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Mortgage Market Update: Tips For Homebuyers In Today’s Changing Market
Real estate bargains abound, as we wrote last month — provided you can find financing. Funding your home purchase remains challenging in the wake of a financial market meltdown, even after federal bailouts for the banking industry.
Ranch & Coast spoke with mortgage market experts to find out what’s new — and what you should know before applying for a home loan. The market is especially challenging for self-employed individuals and those without hefty down payments — though there are some options.
“We’re living in one of the tightest credit markets we’ve ever seen,” says Sean Barry, sales manager at Bank of America in Del Mar. “Banks do want to lend, but they do require more documentation now. That’s definitely more painful for the borrowers, but if they can get through to qualify, they can definitely get some great programs right now.” He adds, “The highlight is that we have a full range of loan options available, from more conventional 30-year fixed-rate programs to shorter-term, fixed programs which are more risky, but the rates are better.”
Across the board, interest rates are at historic lows. Rates for a 30-year, fixed conforming loan are around five percent, while fixed-rate, 30-year loans on jumbo loans is about 5.8 percent. In San Diego County, a conforming loan is presently defined as $697,500 or under, while a jumbo loan is over $697,500.
Adjustable rate mortgages (ARMs) are in the low four percentage rates. “That’s been really good for San Diego real estate,” notes Barry. Qualifying for an ARM is more difficult, however. “People have to qualify for the fully adjusted payment with principal and interest.”
Financing for jumbo loans remains tough in terms of qualifying. The good news is that down payment requirements have dropped to 20 percent, down from 30 percent or more.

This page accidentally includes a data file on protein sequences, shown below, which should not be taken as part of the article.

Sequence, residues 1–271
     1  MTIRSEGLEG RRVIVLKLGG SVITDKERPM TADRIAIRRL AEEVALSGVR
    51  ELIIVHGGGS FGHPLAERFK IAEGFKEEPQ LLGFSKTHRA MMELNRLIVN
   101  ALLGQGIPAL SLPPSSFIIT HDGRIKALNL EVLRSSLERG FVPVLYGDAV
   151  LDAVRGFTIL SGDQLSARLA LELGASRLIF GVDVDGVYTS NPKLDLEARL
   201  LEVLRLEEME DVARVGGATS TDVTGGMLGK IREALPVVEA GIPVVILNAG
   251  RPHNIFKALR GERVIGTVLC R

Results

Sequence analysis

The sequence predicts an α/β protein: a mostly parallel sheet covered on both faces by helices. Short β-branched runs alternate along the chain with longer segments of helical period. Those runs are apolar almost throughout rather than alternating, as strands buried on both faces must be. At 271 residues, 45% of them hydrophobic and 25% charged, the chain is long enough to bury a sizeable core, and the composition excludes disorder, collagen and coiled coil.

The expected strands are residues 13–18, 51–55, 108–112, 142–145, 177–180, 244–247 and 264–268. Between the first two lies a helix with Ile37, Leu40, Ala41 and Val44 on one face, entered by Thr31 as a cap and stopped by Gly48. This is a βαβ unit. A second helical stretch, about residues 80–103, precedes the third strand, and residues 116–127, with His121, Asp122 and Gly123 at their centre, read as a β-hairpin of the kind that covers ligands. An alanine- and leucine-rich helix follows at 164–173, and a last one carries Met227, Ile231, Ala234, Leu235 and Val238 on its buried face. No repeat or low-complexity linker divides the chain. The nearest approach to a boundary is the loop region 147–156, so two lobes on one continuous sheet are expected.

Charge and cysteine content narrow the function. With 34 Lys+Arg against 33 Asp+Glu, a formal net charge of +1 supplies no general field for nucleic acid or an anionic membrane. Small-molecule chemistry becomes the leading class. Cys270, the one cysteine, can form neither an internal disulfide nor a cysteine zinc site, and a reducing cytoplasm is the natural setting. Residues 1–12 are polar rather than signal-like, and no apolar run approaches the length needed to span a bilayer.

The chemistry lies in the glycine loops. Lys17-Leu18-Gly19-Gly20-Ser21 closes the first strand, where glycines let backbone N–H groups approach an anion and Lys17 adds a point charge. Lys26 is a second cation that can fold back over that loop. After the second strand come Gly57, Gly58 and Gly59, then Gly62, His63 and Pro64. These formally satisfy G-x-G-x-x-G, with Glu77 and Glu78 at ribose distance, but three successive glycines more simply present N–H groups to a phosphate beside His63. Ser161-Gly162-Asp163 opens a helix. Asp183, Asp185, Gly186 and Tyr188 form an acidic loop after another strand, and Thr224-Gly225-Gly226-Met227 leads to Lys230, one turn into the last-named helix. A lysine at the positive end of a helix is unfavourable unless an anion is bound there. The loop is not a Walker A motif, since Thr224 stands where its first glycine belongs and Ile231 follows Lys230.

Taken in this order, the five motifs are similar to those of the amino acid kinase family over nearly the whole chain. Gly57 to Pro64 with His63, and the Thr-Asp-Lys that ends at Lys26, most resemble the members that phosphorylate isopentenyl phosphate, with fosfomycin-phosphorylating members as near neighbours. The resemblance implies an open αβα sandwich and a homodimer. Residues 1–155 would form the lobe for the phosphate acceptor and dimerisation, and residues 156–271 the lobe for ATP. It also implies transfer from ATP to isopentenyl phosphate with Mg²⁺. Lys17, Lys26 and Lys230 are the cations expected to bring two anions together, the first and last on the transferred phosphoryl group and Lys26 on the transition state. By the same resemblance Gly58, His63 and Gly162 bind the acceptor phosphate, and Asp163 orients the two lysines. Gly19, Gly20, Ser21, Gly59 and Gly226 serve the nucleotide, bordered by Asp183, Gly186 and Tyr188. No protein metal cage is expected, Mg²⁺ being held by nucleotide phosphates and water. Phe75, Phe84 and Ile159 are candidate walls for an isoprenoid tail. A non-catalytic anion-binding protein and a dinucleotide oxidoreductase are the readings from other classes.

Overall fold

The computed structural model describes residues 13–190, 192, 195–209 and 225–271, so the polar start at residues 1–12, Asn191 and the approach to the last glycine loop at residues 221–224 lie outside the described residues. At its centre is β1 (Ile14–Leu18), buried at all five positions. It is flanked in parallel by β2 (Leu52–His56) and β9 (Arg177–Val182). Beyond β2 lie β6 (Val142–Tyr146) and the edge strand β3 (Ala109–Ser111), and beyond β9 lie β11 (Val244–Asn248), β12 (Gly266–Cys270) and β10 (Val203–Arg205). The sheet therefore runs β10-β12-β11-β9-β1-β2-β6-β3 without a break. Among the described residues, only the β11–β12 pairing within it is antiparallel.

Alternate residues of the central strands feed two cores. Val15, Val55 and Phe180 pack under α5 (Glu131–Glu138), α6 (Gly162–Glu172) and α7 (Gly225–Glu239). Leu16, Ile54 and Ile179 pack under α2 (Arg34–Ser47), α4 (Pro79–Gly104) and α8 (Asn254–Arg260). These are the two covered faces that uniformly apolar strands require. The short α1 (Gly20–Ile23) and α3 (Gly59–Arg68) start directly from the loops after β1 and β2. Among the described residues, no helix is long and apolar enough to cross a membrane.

“FHA is a prominent part of our financing for borrowers who don’t want 20 percent down. They can come in with as little as 3.5 percent down, and that’s on loans up to $697,500,” Barry discloses. “It’s new this year — within about a year and a half, it’s jumped all the way from $417,000 to $697,000.” In the past, the program wasn’t often used because other programs existed that allowed buyers to purchase homes with low down payments, but those alternatives are gone, he adds.
The downside to low-down FHA loans is that you will be assessed a penalty — mortgage insurance premiums mean you may pay up to a point and three-quarters upfront added to your loan amount. “But upfront you can have an additional half point per year, which translates into easily $200 to $300 more per month in mortgage payments,” Barry cautions.
There is good news for veterans. “VA loans really went up. Now you can do a VA loan for slightly over $1 million, somewhere in the mid 90 percent range,” says Barry. “That’s a good fit, and people may not even realize they qualify.”
Overall, he believes the market is now over-regulated, eliminating many would-be buyers. “I think they need to loosen it up a bit.”
Richie Faust, vice president and senior loan officer with Bank of America, says the market hasn’t loosened and that he thinks the high end of the market will drop further. “The one thing that has improved is you can actually get a little more leverage than five months ago,” he explains, noting lower down payments for jumbo loans.
Faust says most lenders are no longer doing adjustable rate mortgages. “It’s a good thing that they are doing away with those,” he says. “People saw low teaser rates and maybe their mortgage broker didn’t understand how those negative amortization loans work,” he adds, noting that 90 percent of the loans he handles today are five-year or 30-year fixed rates.